A historical house in the Cataloochee region of the Great Smoky Mountains National Park.
In the Cataloochee Region of the Great Smoky Mountains National Park is a number of historical buildings that have been preserved and are open to the public. One of these is the Woody House. Named after Jonathan Woody, the house began as a one room log cabin in the mid 1800’s and was expanded and renovated by one of Jonathans sons, Steve Woody, from 1901 to 1910. The Woody House is in exceptional condition and is a wonderful and accessible example of what life used to be like in a completely different era. The 1 mile hike down the Rough Fork Trail to reach the house is an easy walk through a beautiful section of the forest and should be accessible for most people.
The Woody House can be reached via the Rough Fork Trail and the trailhead is located at the end of Cataloochee Entrance Road which is the main road through this beautiful section of the Great Smoky Mountains National Park. The drive to the parking area will pass several additional historical buildings in the area that you can check out and we have episodes available on all of them. The parking area isn’t too large but should be adequate for most days. The Cataloochee Region is about 70 minutes from Asheville North Carolina. While there are no restrooms at the trailhead to the Woody House, there are public bathrooms at the Cataloochee Campground as you enter the region and at the Palmer House.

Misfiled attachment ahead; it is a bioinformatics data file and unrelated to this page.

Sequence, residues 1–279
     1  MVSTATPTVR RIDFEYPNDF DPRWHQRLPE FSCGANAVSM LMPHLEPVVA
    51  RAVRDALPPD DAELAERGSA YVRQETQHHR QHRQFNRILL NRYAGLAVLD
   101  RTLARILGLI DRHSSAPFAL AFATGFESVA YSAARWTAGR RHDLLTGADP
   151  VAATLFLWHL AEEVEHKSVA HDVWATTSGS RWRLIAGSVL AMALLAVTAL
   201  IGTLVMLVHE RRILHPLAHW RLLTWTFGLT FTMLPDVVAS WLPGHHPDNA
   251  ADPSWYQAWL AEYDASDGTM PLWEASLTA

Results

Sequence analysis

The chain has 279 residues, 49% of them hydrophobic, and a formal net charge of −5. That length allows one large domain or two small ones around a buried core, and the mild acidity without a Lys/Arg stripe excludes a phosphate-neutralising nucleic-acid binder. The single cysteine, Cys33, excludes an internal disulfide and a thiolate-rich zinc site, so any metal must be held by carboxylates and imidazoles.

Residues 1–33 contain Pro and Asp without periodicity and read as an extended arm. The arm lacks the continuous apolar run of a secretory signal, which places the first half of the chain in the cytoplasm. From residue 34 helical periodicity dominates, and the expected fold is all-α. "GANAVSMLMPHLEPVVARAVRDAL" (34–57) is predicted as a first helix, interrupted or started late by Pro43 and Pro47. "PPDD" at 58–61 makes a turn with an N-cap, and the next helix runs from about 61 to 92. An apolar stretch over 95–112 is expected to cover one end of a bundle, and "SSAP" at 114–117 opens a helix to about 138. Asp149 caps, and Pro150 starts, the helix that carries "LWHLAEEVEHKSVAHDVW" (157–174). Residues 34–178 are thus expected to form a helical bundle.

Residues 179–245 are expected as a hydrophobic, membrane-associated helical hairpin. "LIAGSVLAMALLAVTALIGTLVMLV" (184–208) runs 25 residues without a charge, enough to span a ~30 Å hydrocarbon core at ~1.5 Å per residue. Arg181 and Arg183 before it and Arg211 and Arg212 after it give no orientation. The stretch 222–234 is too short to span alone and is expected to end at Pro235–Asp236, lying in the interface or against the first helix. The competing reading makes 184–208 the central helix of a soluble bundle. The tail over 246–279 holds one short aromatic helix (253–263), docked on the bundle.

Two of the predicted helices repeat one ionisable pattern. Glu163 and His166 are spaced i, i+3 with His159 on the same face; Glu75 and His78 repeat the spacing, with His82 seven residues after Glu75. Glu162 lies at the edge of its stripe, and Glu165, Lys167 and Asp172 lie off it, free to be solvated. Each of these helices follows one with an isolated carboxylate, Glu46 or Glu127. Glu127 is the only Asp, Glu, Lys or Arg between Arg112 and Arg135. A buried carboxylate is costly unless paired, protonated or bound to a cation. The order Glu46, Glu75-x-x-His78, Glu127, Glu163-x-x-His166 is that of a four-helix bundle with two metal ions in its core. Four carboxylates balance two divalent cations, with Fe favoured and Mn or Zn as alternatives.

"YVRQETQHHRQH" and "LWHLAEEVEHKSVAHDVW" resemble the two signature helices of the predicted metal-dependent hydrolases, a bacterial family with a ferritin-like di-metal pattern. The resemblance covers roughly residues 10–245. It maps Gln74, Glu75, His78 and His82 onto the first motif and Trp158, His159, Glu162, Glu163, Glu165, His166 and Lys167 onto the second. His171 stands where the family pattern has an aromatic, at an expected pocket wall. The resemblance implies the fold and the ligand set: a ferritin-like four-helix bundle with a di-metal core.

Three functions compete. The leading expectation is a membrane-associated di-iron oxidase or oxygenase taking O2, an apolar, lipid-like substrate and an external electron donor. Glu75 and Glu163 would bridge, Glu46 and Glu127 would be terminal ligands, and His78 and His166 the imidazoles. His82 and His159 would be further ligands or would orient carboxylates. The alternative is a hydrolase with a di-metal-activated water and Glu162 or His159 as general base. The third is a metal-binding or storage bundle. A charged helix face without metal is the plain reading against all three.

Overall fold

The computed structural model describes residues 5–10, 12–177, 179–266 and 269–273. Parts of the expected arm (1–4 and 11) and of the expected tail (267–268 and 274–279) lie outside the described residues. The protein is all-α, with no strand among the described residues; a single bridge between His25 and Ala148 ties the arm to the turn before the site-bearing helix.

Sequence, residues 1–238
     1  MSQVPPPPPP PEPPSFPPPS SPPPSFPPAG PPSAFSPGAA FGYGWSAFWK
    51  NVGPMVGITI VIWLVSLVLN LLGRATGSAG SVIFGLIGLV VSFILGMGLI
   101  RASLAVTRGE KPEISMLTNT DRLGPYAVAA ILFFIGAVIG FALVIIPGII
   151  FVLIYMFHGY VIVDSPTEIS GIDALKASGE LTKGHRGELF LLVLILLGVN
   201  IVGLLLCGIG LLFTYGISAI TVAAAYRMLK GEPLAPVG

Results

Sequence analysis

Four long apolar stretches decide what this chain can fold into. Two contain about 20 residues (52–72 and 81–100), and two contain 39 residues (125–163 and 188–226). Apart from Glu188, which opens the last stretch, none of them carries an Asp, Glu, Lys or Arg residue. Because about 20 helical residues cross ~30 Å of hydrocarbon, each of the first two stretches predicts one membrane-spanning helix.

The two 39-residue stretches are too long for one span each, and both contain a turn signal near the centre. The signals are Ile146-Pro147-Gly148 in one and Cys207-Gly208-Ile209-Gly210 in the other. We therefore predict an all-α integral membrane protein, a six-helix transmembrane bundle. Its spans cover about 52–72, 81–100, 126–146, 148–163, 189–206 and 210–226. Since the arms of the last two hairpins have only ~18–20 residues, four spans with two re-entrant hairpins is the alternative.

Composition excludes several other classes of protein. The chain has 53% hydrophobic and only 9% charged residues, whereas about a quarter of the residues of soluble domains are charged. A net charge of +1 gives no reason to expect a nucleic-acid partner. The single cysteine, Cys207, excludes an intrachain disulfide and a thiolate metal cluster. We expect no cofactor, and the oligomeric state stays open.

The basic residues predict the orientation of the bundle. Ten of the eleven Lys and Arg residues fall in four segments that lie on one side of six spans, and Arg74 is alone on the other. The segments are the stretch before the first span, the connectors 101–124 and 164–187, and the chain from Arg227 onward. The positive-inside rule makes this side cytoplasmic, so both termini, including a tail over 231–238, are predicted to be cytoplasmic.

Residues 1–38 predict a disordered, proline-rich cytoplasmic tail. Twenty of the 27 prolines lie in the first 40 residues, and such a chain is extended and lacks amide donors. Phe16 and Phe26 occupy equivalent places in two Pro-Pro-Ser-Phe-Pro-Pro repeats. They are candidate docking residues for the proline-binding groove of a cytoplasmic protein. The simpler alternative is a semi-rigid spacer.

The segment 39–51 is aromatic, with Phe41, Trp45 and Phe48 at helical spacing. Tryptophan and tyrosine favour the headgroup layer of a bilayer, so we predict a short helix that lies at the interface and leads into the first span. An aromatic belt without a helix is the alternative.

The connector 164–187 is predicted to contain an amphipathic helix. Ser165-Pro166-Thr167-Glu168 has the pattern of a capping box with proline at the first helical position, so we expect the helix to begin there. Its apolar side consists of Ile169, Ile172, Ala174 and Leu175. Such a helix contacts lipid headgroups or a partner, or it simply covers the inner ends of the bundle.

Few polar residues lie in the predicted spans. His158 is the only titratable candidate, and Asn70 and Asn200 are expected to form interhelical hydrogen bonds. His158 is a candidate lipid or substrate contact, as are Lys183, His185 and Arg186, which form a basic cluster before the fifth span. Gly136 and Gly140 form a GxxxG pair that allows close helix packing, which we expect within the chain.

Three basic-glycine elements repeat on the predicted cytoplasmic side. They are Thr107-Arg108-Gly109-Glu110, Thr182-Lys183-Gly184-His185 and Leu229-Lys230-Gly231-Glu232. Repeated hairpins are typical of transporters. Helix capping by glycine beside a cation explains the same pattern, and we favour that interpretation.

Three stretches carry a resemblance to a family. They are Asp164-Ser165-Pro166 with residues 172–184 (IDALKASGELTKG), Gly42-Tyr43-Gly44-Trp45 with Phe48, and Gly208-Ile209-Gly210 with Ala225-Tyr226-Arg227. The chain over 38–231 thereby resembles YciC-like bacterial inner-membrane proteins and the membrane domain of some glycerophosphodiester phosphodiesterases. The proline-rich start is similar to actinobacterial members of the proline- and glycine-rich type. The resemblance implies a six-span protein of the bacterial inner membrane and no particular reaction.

The easy 1 mile hike to the Woody House starts at the marked trail at end of Cataloochee Entrance Road. The trail is initially very wide and is very well maintained all the way to the house. It is relatively flat and parallels Rough Fork the entire hike. You do cross the creek a few times but they are all bridged and easy to traverse. The walk through the woods here is beautiful and very peaceful as you can continuously hear Rough Fork churning in the background. At about 3/4’s of a mile, the trail and Rough Fork turn left for the last short piece of trail to the house.
Like the other historical buildings in the area, the Woody House is unfurnished but the house and grounds are open to the public. It is in remarkable condition and is fascinating to explore and wonder what it must have been like to live in during the late 1800’s and early 1900’s.
The main house has two stories each with a number of rooms to check out. There is also a spring house just outside the house by the creek. This is where they used to store food that needed to be kept cool.
While all of the historical sites in this area are popular attractions, the hike to the Woody Home makes it a little less visited than the other sites. That being the case, you may end up enjoying a moment where you are the only one at the house where you can sit on the front porch and listen to the creek and the woods while you enjoy the peaceful surroundings of the Woody House.
This is an out an back hike so when you have finished enjoying your time at the Woody House, hike safely back to the parking area.